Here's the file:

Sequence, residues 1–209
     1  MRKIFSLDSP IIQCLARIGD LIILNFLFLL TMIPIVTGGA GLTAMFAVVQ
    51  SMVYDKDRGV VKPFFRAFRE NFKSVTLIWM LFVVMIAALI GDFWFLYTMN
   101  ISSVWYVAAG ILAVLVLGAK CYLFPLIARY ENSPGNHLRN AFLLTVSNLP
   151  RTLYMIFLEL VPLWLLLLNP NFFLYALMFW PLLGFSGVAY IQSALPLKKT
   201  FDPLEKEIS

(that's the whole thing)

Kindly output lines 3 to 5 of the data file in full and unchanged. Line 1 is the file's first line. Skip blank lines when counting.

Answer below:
    51  SMVYDKDRGV VKPFFRAFRE NFKSVTLIWM LFVVMIAALI GDFWFLYTMN
   101  ISSVWYVAAG ILAVLVLGAK CYLFPLIARY ENSPGNHLRN AFLLTVSNLP
   151  RTLYMIFLEL VPLWLLLLNP NFFLYALMFW PLLGFSGVAY IQSALPLKKT